Because adult children usually return home when they feel dependent on a parent, they can present a host of couple’s challenges, ranging from unresolved emotional issues to financial and space usage issues.
Plot Your Partnership Status
Let’s do a check to determine how troubled or untroubled your relationship is regarding family or friends who could become dream breakers.
1. Draw a circle in the middle of a piece of paper. Place the word “Me” in the center of the circle.
2. Draw an intersecting circle and label it “My partner.”
3. Shade the portion of the circle that intersects. Label this “We-ness.”
4. Very thoughtfully look at the shaded part of the circle. How accurately does it represent the percentage of your relationship that is so secure and united that other people’s opinions or manipulations could never separate you? Most people need to re-draw the diagram to make it more accurate.
5. Using a scale of 1-10, where 1 is “We have no we-ness” and 10 is “We enjoy an ideal partnership”, rank the health of your relationship. Please note: This ranking is very subjective. Some happy couples desire a lot of we-ness. Other contented couples require very little. Since partners often differ regarding the ideal amount of togetherness, ask your partner to also complete this exercise so you can enjoy an enlightening discussion about your different perceptions, desires, needs and expectations.
6. With your partner’s participation, on a different piece of paper, draw a diagram that illustrates the amount of we-ness your ideal relationship would include. This time, when you shade the part of the circle that intersects, label it “The Sacred Untouchable We.”
7. Identify and list every person, responsibility and factor (parents, friends, coworkers, siblings, children, stepchildren, exes, occupational duties, etc.) that dilutes the we-ness in your relationship.
8. Place “U” by every uncontrollable factor that currently depletes the health of your relationship. Example: When your partner’s children need him/her for legitimate reasons.
9. Place a “C” by every potential relationship diluter that you can control to some degree. Example: You can reduce the frequency of times that parents, friends or siblings drop by unexpectedly.
10. Design an action plan for addressing your “C” items. Take your time with this process. You’ll be uncovering diamonds disguised as lumps of coal.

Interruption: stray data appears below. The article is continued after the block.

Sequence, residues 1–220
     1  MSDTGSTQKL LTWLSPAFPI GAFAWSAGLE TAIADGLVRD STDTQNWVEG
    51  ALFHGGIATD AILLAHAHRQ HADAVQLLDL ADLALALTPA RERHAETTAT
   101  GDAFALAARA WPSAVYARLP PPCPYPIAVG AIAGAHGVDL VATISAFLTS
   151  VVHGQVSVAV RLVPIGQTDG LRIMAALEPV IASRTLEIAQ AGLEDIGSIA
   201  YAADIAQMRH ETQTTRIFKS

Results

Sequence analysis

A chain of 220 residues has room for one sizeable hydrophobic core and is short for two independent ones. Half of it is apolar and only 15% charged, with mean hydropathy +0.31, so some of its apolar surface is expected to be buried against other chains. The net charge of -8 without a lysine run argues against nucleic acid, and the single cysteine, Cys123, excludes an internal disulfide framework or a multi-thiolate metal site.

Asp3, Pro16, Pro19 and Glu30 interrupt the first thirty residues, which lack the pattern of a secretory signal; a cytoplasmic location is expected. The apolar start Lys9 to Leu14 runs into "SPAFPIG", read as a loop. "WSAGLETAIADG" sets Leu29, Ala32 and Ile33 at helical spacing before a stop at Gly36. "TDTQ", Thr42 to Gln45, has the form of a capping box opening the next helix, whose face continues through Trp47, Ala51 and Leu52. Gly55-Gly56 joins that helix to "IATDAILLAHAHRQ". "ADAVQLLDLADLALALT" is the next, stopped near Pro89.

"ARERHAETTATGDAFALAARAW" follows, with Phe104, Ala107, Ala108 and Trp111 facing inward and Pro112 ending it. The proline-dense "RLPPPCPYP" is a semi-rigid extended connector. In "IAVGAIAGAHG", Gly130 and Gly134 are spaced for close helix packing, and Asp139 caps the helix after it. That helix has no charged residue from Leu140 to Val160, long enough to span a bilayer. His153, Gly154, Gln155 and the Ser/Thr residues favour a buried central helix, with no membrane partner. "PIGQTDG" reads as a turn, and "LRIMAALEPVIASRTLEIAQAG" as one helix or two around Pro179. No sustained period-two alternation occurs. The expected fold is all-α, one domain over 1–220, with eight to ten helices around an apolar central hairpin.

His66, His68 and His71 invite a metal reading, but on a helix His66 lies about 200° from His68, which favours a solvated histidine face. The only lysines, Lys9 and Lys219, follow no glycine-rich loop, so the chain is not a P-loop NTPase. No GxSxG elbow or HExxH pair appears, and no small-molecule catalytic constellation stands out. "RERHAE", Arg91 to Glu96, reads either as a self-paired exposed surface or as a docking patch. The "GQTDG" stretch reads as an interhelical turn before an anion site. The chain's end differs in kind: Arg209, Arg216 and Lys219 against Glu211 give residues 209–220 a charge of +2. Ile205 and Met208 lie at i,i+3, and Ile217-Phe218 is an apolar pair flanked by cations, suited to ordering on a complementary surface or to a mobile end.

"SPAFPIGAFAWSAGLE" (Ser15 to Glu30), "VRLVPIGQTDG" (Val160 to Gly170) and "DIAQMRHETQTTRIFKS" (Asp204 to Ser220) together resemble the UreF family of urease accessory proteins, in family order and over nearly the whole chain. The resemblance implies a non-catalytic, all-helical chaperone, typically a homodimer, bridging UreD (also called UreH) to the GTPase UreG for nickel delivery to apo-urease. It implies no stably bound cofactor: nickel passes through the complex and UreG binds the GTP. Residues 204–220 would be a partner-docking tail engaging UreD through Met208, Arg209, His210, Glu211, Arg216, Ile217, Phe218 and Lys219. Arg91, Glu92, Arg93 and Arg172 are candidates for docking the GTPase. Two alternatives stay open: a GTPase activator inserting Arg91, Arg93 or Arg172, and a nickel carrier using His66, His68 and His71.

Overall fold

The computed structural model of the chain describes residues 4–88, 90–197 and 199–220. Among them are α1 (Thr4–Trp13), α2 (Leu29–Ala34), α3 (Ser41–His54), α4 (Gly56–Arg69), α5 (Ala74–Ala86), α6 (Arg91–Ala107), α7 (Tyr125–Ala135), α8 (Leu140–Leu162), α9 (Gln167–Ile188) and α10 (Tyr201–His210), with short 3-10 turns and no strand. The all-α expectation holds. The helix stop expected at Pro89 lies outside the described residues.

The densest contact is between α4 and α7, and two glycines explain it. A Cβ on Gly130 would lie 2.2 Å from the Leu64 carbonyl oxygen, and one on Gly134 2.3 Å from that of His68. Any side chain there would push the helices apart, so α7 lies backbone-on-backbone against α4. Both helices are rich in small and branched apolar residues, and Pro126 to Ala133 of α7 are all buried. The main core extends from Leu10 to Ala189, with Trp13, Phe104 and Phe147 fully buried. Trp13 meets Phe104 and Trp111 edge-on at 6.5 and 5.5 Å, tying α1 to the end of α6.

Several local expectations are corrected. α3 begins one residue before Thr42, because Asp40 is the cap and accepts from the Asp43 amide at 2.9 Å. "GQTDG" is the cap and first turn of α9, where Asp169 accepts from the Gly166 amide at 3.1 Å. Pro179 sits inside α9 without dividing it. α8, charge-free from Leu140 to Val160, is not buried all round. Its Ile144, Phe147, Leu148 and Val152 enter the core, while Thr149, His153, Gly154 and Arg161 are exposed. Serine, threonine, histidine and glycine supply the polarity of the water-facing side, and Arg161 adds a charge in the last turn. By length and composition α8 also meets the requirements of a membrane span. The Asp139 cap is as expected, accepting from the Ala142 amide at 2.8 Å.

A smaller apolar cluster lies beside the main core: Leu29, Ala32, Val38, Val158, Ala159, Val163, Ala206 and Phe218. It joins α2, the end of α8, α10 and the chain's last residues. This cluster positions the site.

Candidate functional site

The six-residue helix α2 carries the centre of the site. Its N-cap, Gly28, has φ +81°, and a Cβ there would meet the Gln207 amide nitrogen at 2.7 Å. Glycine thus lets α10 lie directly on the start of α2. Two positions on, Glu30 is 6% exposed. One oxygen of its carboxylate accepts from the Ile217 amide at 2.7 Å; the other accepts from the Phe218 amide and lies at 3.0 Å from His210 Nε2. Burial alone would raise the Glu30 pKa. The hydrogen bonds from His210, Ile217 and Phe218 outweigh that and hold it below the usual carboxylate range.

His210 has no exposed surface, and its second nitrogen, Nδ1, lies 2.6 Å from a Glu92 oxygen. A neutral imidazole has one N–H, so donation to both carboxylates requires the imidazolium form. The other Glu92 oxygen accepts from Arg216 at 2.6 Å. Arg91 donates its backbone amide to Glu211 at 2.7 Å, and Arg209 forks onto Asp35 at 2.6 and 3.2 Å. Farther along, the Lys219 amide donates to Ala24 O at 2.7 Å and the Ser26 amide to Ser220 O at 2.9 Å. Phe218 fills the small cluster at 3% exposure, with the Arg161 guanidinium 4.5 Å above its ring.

11. Reach agreement about which of you will follow through and when.
12. Celebrate taking your first step toward transforming your current relationship into your ideal relationship, a partnership that nurtures The Sacred Untouchable We.
Own Your Power to Create a Powerful Partnership
Each of the couples described in this article used this proven process (the exercise above) during relationship coaching to gain their ideal partnership. They took full advantage of every opportunity to discover hidden distortions, co-dependencies and conflicts. During your own process, set the intention to be grateful for every challenge that arises. Resolving the issues you discover will be a gold mine for you and the success of your relationship.
The resources you require to rebalance your relationship reside within you and your partner. This means you possess innate partnership power, even if your original relationship ranking indicates that your partnership is on the brink of sinking. When you make thoughtful, positive changes, you gain priceless, new relationship skills. Eventually, you create the peaceful, passionate, powerful partnership you want.
Most dream breakers are unconsciously, not intentionally, stomping on your vision of a perfect life. Some people have given up on the possibility of enjoying their own image of relationship bliss. It’s important not to let someone who won’t reach for the stars short-circuit your ability to thrive.
Friends and family can only be intrusive if you are indecisive about your relationship goals, distrust your own opinions, fear setting boundaries or try to be a people-pleaser. It’s time for you and your partner to clarify your relationship vision so you can set boundaries and stop dangerous intrusions.
Express your goals and vision to trusted supporters. Nurture your support network while minimizing your association with negative people. Light a positive feedback fire by surrounding yourself with positive role models who hold similar values and are also concerned with the greater good.